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5. CAMERON TESTIFIES IN MEDIA ETHICS INQUIRY
British Prime Minister David Cameron took the stand Thursday in the media ethics inquiry launched in the wake of the News Corp. phone-hacking scandal. Cameron conceded that the relationship between the press and politicians had "become too close." Cameron's 2007 hiring of Andy Coulson, a former News of the World editor, to be his director of communications is expected to be a key point of inquiry in the interrogation. [Washington Post]
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6. FEDS DROP CHARGES AGAINST JOHN EDWARDS
The U.S. Justice Department says it will not look to retry former presidential candidate John Edwards on five unresolved counts of campaign finance fraud. After a highly publicized, six-week trial, a jury acquitted Edwards on one count and deadlocked on five others in late May, and a mistrial was declared. The final outcome has some questioning whether it was worth charging Edwards in the first place. [Associated Press]
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7. U.S. EXPANDING SPY OPERATIONS IN AFRICA
The Washington Post reports that the U.S. military is increasing its secret intelligence operations across Africa, setting up a web of small air bases on the continent to monitor terrorist hideouts. The surveillance missions are overseen by Special Operations forces, which have had a key, clandestine role in Obama's national security strategy, with teams dedicated to tracking and killing suspected terrorists. [Washington Post]
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8. NOKIA TO CUT 10,000 JOBS
The Finnish cellphone maker has announced plans to lay off 10,000 employees around the world by the end of 2013. It will also close plants and cease some research and development projects in an effort to cut costs and streamline operations. Nokia has been deep in the red recently as it struggles to compete with Apple and other manufacturers of Android phones. [Associated Press]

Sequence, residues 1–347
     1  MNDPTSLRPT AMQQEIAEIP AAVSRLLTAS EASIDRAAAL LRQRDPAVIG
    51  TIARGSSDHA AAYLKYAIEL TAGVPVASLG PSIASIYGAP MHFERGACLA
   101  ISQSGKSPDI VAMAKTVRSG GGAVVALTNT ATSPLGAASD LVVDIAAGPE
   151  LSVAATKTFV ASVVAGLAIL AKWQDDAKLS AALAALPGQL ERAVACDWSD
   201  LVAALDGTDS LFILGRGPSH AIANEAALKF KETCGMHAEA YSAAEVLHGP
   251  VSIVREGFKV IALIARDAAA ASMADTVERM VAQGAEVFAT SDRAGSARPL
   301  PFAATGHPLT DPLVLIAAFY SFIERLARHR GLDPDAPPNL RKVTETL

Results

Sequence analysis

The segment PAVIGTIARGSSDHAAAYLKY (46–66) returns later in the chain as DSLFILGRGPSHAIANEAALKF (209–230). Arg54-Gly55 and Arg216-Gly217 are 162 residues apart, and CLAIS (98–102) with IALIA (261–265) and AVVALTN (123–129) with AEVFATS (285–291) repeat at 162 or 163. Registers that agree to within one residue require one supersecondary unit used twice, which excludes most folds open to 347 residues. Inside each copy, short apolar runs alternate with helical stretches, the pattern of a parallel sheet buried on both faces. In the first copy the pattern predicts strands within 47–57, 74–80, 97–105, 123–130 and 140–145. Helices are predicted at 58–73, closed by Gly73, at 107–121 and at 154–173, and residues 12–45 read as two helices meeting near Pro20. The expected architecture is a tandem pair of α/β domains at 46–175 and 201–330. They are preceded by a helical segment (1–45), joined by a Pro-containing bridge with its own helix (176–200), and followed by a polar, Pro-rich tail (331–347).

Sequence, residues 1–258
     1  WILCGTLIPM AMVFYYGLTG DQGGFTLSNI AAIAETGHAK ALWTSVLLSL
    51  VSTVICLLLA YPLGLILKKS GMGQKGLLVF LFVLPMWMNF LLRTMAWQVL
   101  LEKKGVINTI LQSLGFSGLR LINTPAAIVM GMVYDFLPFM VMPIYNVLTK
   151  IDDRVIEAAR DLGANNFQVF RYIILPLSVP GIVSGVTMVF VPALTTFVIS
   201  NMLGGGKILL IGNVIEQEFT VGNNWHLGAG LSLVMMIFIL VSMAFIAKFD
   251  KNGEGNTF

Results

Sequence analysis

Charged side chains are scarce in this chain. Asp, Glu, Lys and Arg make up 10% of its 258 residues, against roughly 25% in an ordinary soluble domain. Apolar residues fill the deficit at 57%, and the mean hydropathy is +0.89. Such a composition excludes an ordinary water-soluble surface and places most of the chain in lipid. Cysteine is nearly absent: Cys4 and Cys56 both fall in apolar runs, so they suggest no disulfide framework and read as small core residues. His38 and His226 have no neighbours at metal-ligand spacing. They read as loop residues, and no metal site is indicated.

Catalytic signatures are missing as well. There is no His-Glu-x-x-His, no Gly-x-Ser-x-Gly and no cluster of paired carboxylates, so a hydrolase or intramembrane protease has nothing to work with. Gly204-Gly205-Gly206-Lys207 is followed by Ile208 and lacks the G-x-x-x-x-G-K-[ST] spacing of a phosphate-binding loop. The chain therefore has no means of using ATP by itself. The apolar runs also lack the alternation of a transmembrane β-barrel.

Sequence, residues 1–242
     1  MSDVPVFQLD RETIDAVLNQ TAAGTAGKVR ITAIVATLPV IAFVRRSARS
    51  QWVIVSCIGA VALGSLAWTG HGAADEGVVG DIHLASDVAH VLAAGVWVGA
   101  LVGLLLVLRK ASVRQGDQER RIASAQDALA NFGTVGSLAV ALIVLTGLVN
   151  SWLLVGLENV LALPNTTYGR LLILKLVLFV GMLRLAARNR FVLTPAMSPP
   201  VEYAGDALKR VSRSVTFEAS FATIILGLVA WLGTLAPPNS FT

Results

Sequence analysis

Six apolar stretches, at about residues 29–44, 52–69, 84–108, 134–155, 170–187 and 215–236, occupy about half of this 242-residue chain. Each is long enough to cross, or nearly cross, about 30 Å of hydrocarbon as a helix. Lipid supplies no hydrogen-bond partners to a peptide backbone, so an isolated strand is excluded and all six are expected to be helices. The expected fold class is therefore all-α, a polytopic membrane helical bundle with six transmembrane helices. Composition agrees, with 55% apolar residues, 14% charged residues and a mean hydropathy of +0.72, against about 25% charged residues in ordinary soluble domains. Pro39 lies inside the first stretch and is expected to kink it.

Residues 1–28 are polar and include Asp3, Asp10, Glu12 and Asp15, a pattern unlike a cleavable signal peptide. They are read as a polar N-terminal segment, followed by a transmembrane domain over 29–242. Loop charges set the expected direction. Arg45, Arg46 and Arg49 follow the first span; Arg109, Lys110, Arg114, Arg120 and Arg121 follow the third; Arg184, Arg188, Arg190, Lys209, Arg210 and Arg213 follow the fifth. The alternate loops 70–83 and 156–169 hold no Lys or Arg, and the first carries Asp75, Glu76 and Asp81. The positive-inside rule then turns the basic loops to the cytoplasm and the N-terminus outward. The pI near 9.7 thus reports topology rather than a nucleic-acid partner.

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9. CAIN PITCHES PERFECT GAME, MAKES HISTORY
San Francisco Giant Matt Cain pitched a perfect game in a 10-0 victory over the Houston Astros Wednesday night. His "125-pitch masterpiece" is just the 22nd perfect game in the history of Major League Baseball and the first for the Giants. [San Jose Mercury News]
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10. HBO'S THRONES SHOWS DECAPITATED G.W. BUSH
HBO is apologizing after a story about a model of President George W. Bush's head being used in a decapitation scene went viral. Bush's severed head is shown in the show's season one finale, when one character is forced to look at her father's severed head on a spike, among a number of others. "George Bush's head appears in a couple of beheading scenes," the showrunners, who have apologized along with HBO, said on the DVD commentary. "It's not a choice, it's not a political statement. We just had to use whatever head we had around." [Hollywood Reporter]